As a profession, the rabbinate as we know it is a creation of the modern era.
The title itself goes back thousands of years, to the times of the Mishnah and Talmud. “Rabbi,” or “Rav,” was commonly used to designate a teacher of Torah, someone who was clearly more learned in the sacred texts than the average person, and whose opinion on matters of Jewish law and practice therefore carried special weight. By and large, across denominational lines, it is still true today that a rabbi’s authority derives from his/her knowledge of Torah and its related sacred texts.
But since the beginning of what is generally considered to be the “modern era” of Jewish history, when the Jews of Europe left the ghettos to live and work among the other populations in their countries, the job of the rabbi has changed. Once the challenge of Jewish living was to be defined as striking a balance between tradition and ever-encroaching modernity, the rabbi became the primary agent for interpreting that balance and how to best achieve it, along with retaining the authority that comes with expertise in the tradition itself.
It is tempting to assume that this might be true only of non-Orthodox expressions of Judaism, in which the tradition/change dialectic is most acute. Actually, that is not the case. All modern Jews, with the arguable exception of the Haredi world, struggle with questions of balance. Were that not true, the concept of “modern Orthodoxy” as opposed to “ultra-Orthodoxy” would have no resonance. Modern implies an embrace of modernity. How that affects the aforementioned dialectic is the all-important issue.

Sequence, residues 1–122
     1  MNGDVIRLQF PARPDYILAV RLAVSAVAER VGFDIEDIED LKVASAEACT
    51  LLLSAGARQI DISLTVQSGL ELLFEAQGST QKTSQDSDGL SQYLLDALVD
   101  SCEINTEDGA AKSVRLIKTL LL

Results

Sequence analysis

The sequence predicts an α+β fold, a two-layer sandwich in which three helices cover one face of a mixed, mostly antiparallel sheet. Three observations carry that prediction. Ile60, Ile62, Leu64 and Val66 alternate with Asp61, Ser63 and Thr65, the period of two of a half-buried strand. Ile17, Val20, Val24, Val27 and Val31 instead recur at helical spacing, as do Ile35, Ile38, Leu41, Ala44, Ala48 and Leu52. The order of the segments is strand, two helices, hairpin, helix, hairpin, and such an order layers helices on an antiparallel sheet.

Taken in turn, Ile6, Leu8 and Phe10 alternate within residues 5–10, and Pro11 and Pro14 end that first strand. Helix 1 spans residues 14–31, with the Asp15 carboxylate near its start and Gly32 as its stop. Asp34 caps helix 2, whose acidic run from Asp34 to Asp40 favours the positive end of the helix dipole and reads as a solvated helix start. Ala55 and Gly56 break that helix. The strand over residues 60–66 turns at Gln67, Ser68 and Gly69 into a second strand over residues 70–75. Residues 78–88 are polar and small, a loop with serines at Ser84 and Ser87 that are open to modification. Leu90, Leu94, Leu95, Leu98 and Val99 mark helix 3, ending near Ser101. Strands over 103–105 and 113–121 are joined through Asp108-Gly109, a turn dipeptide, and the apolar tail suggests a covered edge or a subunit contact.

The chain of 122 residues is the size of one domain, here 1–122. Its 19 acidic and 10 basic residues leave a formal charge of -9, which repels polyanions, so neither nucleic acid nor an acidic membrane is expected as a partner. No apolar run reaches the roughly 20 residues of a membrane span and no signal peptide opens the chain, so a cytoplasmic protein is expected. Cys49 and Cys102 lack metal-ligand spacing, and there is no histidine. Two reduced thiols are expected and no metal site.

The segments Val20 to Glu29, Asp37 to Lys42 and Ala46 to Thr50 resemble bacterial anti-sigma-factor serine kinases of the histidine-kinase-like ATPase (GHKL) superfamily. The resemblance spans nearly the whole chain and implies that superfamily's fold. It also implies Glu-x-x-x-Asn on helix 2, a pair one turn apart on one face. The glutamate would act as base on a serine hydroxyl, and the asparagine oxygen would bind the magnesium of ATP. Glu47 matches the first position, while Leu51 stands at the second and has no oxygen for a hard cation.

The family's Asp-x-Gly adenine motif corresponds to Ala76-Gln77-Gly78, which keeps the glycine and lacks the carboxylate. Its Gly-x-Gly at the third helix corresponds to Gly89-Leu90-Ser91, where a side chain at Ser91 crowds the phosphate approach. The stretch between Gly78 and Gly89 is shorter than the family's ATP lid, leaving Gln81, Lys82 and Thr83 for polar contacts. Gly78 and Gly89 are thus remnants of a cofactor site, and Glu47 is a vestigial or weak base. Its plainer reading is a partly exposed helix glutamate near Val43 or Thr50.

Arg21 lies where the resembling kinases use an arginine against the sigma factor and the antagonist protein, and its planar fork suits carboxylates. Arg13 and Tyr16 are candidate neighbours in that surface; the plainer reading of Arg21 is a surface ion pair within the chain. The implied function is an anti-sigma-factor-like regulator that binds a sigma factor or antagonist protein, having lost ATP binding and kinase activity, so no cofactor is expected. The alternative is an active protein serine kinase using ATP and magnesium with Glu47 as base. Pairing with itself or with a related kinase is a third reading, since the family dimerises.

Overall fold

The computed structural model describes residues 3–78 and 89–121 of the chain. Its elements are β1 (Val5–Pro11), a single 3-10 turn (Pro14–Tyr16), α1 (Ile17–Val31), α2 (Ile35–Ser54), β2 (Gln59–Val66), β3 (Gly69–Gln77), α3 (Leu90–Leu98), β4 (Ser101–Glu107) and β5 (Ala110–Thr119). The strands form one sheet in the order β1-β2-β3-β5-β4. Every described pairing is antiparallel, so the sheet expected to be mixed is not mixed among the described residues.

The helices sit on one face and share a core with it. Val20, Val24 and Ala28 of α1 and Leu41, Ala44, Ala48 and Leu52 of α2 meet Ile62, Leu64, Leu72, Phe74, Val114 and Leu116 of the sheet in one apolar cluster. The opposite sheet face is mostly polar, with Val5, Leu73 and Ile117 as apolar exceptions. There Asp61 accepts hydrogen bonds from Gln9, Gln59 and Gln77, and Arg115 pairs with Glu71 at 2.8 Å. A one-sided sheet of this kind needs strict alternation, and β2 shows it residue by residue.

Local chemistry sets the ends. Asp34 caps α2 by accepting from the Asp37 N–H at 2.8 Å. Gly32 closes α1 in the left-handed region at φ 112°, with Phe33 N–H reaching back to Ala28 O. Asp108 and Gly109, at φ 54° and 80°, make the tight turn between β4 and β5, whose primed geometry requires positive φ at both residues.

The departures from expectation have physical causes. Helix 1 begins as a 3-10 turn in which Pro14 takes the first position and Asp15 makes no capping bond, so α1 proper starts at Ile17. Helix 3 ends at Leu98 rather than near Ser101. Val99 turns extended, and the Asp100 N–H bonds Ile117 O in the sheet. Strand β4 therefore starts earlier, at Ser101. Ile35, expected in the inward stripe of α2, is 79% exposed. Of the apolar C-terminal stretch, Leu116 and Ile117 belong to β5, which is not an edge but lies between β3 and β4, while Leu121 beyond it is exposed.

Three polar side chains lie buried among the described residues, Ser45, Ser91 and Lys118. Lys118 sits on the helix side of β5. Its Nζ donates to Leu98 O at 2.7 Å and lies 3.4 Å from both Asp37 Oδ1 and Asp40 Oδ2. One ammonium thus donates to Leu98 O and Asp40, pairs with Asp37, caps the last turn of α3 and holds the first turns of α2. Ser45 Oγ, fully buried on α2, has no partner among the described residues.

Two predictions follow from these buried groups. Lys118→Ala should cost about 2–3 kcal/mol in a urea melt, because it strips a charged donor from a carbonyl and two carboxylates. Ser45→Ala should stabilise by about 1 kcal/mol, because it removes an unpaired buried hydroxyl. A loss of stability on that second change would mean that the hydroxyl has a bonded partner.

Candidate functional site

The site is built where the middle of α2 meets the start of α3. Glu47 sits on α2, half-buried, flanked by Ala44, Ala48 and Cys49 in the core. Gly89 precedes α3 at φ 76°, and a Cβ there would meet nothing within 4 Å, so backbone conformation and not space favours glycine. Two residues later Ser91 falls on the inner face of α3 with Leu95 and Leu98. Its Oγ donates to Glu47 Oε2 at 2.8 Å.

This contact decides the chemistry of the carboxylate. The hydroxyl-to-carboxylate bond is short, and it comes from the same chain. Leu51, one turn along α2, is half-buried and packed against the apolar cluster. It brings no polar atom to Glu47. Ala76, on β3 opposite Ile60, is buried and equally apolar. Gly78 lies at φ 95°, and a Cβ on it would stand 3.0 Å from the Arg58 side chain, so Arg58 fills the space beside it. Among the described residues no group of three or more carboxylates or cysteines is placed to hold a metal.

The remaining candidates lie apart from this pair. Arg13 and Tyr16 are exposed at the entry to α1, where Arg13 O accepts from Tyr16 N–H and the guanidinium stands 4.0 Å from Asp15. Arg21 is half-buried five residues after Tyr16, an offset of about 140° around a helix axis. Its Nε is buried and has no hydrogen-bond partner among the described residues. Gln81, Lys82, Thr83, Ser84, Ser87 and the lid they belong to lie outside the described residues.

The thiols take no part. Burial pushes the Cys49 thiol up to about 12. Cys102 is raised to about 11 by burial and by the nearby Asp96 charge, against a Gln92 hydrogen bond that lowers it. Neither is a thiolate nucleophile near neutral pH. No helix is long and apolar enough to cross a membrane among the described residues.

I was ordained as a Conservative rabbi at the Jewish Theological Seminary in 1981, which seems like a lifetime ago. Enough time has passed that I don’t remember every fine detail of my years as a rabbinical student. One thing, however, that I do remember well is the conceptual framework of our training. The message that was submitted subliminally, and sometimes explicitly, was that there was “us,” and there was “them.” “Us” were the leaders who were bringing Torah and Jewish life to those whose role it was to follow. “Them” were the “Jews in the pews” who were, according to the script, to incorporate them into their daily lives.
Both in concept and in reality, the framework was almost entirely vertical. Authority flowed from the top down, Torah and ordination were the basis of authority, rabbis were to lead, and Jews were to follow. Even the architecture of synagogues reflected this, as the clergy were often seated on an elevated bimah, with congregants both literally and figuratively lower.
If one fast-forwards from then to now, it is clear that the landscape of the Jewish community has changed dramatically, and with it the role and responsibilities of the rabbi, and also the cantor.
What was once universally accepted as a vertical, authority-based relationship between rabbis and congregants has now, if you will, rotated ninety degrees to become a horizontal one. The relatively new, so-called “independent minyanim” eschew clergy almost entirely, preferring to be self-led than guided by a professional, and even the more traditional models of synagogues, while still led by professional clergy, have seen an increasing democratization of authority within the synagogue. In the Orthodox world, the great democratization of Torah learning for both men and women has led to a laity that increasingly challenges the unique religious authority of the rabbi, a significant reason for the shift to the right within Orthodoxy in the past ten to twenty years.